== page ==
immigrant families

On Wednesday, the Trump administration announced plans to indefinitely detain immigrant families arrested at the border.

House Speaker Nancy Pelosi quickly condemned the plan, saying the administration is “seeking to codify child abuse, plain and simple.”

“[The administration’s] appalling, inhumane family incarceration plan would rip away basic protections for children’s human rights, reversing decades-long and court-imposed rules and violating every standard of morality and civilized behavior.” Speaker Pelosi stated.

“The indefinite and prolonged detention of children would compound the cruelty and accelerate the heart-breaking humanitarian situation at the border, worsening conditions for children already forced to sleep on concrete floors, eat inedible food and be denied basic sanitation and standards of care,” she added.

Pelosi cited a study from the American Academy of Pediatrics (AAP) that was published earlier this year, which described the long-term harm inflicted on children in detention.

“AAP strongly opposes family detention as a solution for separation. The AAP’s 2017 policy statement recommends that no child should be placed in detention, and that even short periods of detention can cause psychological trauma and long-term mental health risks,” the group wrote. “In addition, reports have raised troubling questions about the quality of care and treatment families are receiving in the federal government’s custody.”

The conditions immigrant children are facing have been roundly criticized not only by medical professionals like the AAP, but by several members of Congress who visited immigrant detention camps along the Southwest border. According to Congresswoman Judy Chu (D-California), who spoke with some of the immigrant families being held at a camp in Texas, detainees were denied access to running water, with one woman reportedly telling the Congresswoman that a guard instructed her to drink from the toilet bowl if she was thirsty.

In a case the administration recently lost, attorneys for the Trump administration argued that it shouldn’t have to provide basic hygienic items like soap and toothbrushes to children being held in immigrant detention facilities. Government attorneys argued that the Flores Settlement of 1997 — which dictated that immigrant children should be held in “safe and sanitary” conditions — didn’t specifically stipulate soap and toothbrushes be provided to detainees.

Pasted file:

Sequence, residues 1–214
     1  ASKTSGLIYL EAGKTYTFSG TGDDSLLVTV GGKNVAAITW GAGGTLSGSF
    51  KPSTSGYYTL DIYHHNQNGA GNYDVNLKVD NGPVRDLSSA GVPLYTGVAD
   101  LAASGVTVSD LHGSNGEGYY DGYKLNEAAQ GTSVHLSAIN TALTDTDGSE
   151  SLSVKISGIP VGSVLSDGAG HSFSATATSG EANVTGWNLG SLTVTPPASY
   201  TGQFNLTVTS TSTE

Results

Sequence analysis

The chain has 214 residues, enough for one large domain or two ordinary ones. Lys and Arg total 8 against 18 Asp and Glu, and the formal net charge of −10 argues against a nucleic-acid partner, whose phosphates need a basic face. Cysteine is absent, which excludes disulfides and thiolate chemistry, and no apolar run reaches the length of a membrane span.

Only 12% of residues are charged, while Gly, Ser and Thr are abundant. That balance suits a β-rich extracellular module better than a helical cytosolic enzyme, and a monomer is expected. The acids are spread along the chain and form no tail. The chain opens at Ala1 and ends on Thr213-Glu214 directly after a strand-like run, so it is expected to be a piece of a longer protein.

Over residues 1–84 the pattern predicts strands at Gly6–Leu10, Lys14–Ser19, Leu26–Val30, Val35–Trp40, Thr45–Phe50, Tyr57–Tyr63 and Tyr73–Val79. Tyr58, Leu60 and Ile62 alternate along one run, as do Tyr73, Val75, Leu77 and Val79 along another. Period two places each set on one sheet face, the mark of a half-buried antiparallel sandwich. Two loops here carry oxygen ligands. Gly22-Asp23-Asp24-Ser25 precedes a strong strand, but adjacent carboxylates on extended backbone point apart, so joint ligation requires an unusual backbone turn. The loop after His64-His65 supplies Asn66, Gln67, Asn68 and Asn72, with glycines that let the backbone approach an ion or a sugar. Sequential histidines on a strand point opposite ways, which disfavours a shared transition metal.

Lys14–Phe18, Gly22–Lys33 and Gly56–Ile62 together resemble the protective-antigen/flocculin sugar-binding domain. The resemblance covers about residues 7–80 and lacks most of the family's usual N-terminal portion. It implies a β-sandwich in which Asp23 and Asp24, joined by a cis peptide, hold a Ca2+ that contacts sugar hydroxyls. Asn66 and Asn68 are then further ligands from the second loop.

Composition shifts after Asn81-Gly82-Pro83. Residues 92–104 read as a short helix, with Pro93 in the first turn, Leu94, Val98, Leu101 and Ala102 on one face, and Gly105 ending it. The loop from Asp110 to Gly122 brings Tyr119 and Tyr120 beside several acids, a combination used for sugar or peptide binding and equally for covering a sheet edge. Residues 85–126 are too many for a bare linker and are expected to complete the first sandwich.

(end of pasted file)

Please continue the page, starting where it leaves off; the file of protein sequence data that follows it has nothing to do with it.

“Are you arguing seriously that you do not read the agreement as requiring you to do anything other than what I just described: cold all night long, lights on all night long, sleeping on concrete and you’ve got an aluminum foil blanket?” a judge hearing the case asked a lawyer representing the Department of Justice.

The administration’s new rule allowing for indefinite detention of immigrant families is likely to be challenged in U.S. District Court, and could be overturned due to established precedent set by Flores.

“This is yet another cruel attack on children, who the Trump administration has targeted again and again with its anti-immigrant policies,” ACLU policy counsel Madhuri Grewal stated. “The government should not be jailing kids, and certainly shouldn’t be seeking to put more kids in jail for longer. Congress must not fund this.”

(Featured image: U.S. Department of Labor/Wikimedia Commons)


Tom Cahill is a contributor for Grit Post who covers political and economic news. He lives in Bend, Oregon. Send him an email at tom DOT v DOT cahill AT gmail DOT com.

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